But despite the rhetoric, it’s still early days for blockchain. “Blockchain is really overhyped now – everybody is jumping in.” said SAP CTO Mark Raben. The Dutchman emphasised the need for level-headedness – to not get carried away by the hype and to focus on actual useful applications. “Blockchain is just a technology, but it all comes down to applications,” he said. “Likewise with the internet – without applications, it too is quite useless.”
Raben sounds like a sceptic, but he is a blockchain enthusiast. The CTO of the German IT giant sees enticing possibilities for blockchain in establishing and registering ownership of wildly different things, ranging from real estate and raw materials to music royalties, medical records and diamonds.
Van Zuidam’s company has developed the software for a real-world use case – the new, digital version of the Stadjerspas in Groningen. This is a discount card for citizens with low income, which gives several thousand people in the Dutch city price reductions for libraries, sports clubs and museums, for example.
The Stadjerspas used to be “a paper affair”, he said, with physical coupons to cut out. Now it is running on blockchain technology, connecting thousands of citizens with a few dozen discount offering organisations.
A bigger example of blockchain mentioned by Van Zuidam is found outside the Netherlands. It is the country of Estonia, which has a government-mandated e-residency programme that deals with citizenship and marriages. Estonia has the advantage of being a relative greenfield site; when the Russians left the country, a completely new government system had to be built.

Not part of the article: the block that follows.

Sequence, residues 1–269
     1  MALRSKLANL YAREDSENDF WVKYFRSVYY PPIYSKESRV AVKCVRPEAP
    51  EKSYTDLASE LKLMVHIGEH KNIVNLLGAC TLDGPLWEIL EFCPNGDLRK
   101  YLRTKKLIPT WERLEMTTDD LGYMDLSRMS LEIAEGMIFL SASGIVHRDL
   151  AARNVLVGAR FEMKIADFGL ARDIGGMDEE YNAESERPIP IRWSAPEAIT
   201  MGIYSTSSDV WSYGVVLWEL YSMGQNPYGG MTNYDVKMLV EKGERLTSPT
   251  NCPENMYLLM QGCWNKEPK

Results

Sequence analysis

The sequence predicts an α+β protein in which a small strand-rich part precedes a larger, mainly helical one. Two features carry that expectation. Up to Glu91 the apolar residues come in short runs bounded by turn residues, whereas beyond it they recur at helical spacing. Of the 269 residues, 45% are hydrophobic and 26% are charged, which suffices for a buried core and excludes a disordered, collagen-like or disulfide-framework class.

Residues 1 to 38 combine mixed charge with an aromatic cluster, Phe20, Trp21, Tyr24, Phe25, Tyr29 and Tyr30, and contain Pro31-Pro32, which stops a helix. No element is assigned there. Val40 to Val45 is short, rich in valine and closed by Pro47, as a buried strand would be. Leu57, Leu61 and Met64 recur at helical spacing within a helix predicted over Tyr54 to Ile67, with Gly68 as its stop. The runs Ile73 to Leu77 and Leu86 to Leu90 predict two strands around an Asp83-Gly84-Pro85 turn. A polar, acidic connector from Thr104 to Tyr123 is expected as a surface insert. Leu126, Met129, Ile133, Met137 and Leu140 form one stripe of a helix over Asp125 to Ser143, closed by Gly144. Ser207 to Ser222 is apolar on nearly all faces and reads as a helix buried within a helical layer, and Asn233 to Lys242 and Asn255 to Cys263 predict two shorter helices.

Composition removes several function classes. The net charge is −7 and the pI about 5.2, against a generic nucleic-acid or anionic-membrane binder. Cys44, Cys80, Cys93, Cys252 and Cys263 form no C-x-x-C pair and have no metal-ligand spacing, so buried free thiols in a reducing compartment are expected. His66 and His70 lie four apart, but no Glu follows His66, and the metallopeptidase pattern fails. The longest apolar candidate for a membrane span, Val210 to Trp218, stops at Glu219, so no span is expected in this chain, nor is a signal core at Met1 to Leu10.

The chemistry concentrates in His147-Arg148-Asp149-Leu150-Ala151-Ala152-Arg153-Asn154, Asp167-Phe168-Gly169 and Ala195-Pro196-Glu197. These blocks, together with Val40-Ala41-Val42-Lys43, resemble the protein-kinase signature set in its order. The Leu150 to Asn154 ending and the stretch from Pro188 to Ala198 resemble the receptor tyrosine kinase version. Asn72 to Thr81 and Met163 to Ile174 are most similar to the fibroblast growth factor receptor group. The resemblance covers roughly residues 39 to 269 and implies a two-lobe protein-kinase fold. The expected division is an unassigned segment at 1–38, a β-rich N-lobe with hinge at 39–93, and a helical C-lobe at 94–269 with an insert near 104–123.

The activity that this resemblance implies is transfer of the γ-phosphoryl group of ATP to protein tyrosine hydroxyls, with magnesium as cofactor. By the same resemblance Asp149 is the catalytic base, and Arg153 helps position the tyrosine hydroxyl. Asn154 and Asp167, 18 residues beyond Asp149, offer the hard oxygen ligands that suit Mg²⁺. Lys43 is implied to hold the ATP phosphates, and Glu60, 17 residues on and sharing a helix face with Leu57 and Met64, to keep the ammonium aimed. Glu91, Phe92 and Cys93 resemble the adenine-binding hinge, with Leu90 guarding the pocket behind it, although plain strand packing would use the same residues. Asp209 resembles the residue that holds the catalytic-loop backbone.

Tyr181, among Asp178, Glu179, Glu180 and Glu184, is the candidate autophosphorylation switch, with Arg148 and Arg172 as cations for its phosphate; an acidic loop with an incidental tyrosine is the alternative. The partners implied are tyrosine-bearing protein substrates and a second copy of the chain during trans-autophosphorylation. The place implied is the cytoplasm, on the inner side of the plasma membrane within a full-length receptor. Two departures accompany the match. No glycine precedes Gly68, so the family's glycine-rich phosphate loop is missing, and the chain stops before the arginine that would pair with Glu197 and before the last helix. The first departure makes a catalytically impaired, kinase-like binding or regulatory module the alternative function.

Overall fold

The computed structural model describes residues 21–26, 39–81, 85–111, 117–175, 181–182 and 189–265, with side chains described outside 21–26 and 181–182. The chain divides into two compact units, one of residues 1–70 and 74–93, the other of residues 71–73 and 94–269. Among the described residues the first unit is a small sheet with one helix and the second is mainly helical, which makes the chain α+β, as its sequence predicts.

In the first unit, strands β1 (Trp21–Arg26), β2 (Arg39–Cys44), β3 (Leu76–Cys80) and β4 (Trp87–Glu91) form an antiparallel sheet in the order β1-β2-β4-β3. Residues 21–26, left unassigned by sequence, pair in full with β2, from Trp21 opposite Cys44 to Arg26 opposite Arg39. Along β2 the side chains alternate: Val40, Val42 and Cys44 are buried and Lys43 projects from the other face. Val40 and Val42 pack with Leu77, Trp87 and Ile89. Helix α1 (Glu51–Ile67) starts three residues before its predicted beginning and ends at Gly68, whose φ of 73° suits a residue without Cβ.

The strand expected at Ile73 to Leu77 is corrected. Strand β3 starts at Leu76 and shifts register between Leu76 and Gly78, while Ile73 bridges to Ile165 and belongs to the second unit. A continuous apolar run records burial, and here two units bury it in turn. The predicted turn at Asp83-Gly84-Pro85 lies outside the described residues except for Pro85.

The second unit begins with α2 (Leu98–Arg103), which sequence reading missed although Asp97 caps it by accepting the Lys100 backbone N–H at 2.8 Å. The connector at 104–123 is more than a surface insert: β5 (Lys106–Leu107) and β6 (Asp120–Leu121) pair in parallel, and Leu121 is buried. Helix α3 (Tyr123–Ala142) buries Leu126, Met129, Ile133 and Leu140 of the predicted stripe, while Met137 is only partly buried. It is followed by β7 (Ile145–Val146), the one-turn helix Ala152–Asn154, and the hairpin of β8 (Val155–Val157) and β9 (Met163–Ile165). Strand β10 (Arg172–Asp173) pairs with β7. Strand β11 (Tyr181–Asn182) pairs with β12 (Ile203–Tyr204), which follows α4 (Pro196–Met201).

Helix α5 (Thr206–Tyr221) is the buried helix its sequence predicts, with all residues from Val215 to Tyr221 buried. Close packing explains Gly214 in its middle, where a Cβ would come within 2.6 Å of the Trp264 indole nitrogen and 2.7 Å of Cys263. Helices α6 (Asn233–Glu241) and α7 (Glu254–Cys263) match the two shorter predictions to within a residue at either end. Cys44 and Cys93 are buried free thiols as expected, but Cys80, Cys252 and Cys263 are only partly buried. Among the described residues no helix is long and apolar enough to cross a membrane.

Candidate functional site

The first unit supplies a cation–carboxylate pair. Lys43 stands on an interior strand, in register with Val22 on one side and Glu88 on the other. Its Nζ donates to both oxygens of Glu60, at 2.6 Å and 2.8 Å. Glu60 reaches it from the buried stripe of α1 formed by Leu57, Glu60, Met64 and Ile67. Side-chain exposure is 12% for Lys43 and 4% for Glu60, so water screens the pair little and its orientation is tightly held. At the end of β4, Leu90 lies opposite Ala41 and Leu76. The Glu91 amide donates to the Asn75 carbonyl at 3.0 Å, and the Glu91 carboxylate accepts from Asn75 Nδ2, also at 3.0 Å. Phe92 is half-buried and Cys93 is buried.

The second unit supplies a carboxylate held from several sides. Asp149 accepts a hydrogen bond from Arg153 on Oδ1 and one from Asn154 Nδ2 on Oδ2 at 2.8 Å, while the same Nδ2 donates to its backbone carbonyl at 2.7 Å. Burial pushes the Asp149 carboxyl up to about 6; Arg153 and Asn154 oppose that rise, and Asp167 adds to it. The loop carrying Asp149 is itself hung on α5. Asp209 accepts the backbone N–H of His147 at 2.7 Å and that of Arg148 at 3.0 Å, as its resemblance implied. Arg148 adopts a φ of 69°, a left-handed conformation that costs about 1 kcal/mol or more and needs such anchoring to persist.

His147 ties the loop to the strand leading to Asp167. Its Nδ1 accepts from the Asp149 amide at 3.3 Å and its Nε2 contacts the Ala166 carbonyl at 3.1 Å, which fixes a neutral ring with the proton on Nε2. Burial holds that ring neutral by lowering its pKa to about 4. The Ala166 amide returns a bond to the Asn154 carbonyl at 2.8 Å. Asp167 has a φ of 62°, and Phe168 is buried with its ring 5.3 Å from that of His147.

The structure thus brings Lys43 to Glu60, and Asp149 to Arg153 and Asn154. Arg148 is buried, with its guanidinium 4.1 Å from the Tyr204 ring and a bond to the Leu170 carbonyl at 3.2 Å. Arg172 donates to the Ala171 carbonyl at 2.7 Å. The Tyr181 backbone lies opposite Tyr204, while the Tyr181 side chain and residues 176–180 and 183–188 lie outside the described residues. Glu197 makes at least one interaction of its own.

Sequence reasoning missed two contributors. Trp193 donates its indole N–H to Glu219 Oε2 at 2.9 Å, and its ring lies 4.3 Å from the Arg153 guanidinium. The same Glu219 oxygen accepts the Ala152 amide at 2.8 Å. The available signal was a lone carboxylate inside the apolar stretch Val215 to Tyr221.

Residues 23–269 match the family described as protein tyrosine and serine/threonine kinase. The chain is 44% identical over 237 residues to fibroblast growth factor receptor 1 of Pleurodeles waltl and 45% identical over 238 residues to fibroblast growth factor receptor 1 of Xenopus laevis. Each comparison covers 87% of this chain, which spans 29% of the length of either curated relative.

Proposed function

SAP’s Raben pointed out that the Netherlands, like many countries, does not have that luxury. “In the Netherlands, we have good registries for things like real estate,” he said.
“Blockchain doesn’t offer an immediate advantage there. That is different in countries with less development or with less stable governments. There, blockchain can offer the trust in transactions that a government cannot offer.”
Examples of blockchain use in pioneering countries such as Estonia, Switzerland and Singapore can be useful for others, said Yuri van Geest, co-author of Exponential Organizations and founder of the Dutch think tank Singularity University.
Other nations and governments should learn from those examples because they really have to, said Van Geest. Although citizens are not like consumers in a free economy with many competitors, there are market factors in play, such as the lure of cities or countries for entrepreneurs, startups and company offices. Much of the attraction depends on ease of business, including dealing with public services, he said.
For developed nations, the promise of blockchain lies mostly in optimising existing systems, supply chains and applications. Its technological pedigree also makes new business models possible. The Dutch Chamber of Commerce might, for example, facilitate the speedy creation of small organisations for a specific task or limited time-frame – so-called flash companies.
A seemingly far-out application has been suggested by Ronald Prins, founder of the originally Dutch security company Fox-IT. He is not convinced that blockchain has a broad field of applications, but thinks e-voting is one potential use.
Blockchain’s distributed and secure setup could certainly help with the political desire for electronic or even internet voting. “The blockchain solves some problems in that area, although it doesn’t solve everything,” said Prins. “So, I am critical in this regard.”
Most experts think the killer app for blockchain has not yet been found. Many applications look promising, but the one breakthrough use case is still to be identified. Consultancy McKinsey reckons blockchain will reach its full potential in three to five years’ time.